Video Verdict: New DVDs for Nov. 18

The title character in "WALL-E."

The title character in "WALL-E."

It’s a great week for home video, as most of the major releases are outstanding. Children should be particularly excited because the Pixar hit “WALL-E” is finally available on DVD.


3 1/2 stars (out of four)
Rated G
Available Tuesday on DVD and Blu-ray

It takes a brave director to make a silent film in the 21st century, but Andrew Stanton (“A Bug’s Life,” “Finding Nemo”) is just the guy to do it.

“WALL-E” is not, of course, a silent film in the traditional sense because it uses music and sound effects to great consequence. Still, dialog is so limited that the picture carries the spirit of a silent, telling 90 percent of its story visually.

The movie is set in the distant future where the title character is an ancient, rusted-out robot who has spent countless years trying to clean up a trash-covered planet Earth. Humans have long since abandoned the planet, having destroyed it with over-consumption. Because WALL-E is lonely, he is ecstatic when a sleek modern robot named EVE touches down on Earth.

After a shaky beginning, WALL-E and EVE start to pal around. But just when it looks like they’re destined for love, EVE is thrown into a robot coma and recalled to her mother ship. The broken-hearted WALL-E decides to hitch a ride with her in hopes of reviving their relationship.

As with all Pixar movies, the animation in “WALL-E” is astounding. But the movie is more than a feast for the eyes. The characters are wonderful, the story is sweet, and the overall execution is dynamite. Stanton and company are to be congratulated for crafting a movie that combines the best of modern technology with the visual grace of America’s silent classics.

“WALL-E” is available in several different packages, including a single-disc release and a 3-disc special edition. Extra features vary.


Tropic Thunder
3 stars
Available in rated and unrated versions. The theatrical cut is rated R for pervasive language including sexual references, violent content and drug material
Available Tuesday on DVD and Blu-ray

“Tropic Thunder” is vicious, crude and often offensive, but it’s also really funny.

Ben Stiller stars as Tugg Speedman, an aging action hero trying to gain artistic clout by starring in a Vietnam War movie based on real events. He’s joined by other popular actors, including Oscar-winner Kirk Lazarus (Robert Downey Jr.), comedian Jeff Portnoy (Jack Black) and rapper-turned-actor Alpa Chino (Brandon T. Jackson). Sadly, the group is in no way prepared to make an emotionally resonant movie.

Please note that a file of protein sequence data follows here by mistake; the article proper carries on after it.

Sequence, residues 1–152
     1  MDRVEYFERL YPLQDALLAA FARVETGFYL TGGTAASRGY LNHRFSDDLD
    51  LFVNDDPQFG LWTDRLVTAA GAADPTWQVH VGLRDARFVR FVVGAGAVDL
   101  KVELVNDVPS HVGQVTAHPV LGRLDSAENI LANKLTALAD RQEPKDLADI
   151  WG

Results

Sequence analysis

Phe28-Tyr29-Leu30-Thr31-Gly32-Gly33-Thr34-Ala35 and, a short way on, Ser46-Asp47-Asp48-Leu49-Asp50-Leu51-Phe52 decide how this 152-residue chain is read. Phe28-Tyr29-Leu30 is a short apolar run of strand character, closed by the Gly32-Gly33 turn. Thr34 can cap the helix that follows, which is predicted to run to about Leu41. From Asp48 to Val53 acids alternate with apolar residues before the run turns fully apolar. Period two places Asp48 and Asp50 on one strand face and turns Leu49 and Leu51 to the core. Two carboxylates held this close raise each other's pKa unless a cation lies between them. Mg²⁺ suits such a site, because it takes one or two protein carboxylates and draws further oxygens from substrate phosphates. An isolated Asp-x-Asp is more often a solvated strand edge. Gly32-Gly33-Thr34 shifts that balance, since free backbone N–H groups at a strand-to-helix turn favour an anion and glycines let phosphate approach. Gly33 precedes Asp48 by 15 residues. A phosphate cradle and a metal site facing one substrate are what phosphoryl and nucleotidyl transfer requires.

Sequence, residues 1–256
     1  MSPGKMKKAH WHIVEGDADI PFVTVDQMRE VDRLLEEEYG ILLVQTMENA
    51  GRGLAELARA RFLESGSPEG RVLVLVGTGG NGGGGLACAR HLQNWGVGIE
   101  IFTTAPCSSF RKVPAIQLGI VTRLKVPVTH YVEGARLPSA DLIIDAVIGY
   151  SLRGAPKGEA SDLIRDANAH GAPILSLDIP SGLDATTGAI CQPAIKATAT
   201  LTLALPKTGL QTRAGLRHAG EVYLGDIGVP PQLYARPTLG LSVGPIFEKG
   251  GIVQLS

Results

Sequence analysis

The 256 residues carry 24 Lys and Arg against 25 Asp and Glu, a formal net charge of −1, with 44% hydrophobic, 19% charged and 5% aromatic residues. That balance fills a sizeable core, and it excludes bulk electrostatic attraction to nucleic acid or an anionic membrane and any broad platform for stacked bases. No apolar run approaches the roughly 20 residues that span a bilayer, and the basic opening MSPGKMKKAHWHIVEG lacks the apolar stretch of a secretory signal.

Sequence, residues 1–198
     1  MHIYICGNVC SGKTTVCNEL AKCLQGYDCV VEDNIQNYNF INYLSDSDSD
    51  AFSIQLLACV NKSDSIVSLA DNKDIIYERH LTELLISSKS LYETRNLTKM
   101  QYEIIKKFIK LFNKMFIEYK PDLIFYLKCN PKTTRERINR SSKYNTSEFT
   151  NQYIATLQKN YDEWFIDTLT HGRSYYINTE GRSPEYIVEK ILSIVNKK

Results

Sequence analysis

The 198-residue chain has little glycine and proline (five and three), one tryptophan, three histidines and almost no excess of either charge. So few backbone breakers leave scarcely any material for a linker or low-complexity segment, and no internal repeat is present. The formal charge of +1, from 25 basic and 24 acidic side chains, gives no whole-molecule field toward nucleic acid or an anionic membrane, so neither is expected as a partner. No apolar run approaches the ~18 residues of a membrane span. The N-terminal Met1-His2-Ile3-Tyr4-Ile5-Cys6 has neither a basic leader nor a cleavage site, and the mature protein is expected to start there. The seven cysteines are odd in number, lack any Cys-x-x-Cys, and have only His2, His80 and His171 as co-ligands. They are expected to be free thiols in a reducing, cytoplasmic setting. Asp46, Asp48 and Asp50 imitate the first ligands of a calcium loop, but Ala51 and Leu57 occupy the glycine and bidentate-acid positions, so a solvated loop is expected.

So, director Damien Cockburn (Steve Coogan) decides to chopper his cast into the middle of the Vietnamese jungle and force it to hike out while he grabs footage, the idea being that the realism will raise the stakes. Alas, the plan is derailed when Cockburn is taken out of the picture and the actors discover that the jungle is controlled by drug-running militants.

The comedy in “Tropic Thunder” is politically incorrect, and the gags poke fun at everyone from self-absorbed celebrities to the mentally impaired. There are even dicey racial gags, most centered on Downey Jr.’s portrayal of Lazarus, a white actor playing a black man. While the touchy subject matter could offend some viewers, those who realize it’s all in good fun will find themselves immersed in an enjoyable and consistently funny movie.

The R-rated version of the film is available on a single-disc release, and the unrated director’s cut is available on a two-disc edition. Extra features vary.


The Sisterhood of the Traveling Pants 2
2 1/2 stars
Rated PG-13 for mature material and sensuality
Warner Brothers
Available Tuesday on DVD and Blu-ray

Picking up where the original “Sisterhood” left off, this sequel relates new adventures from friends Carmen (America Ferrera), Tibby (Amber Tamblyn), Lena (Alexis Bledel) and Bridget (Blake Lively). All four pals are now attending prestigious colleges, and they get together just briefly before going their separate ways during summer vacation.

Tibby has to complete a class in New York, Bridget is involved in an archeological dig in Turkey, Lena is studying in a summer art program, and Carmen is working for a theater company in Vermont. To stay in touch, the girls agree to once again trade off wearing a pair of jeans that magically fit each one of them perfectly.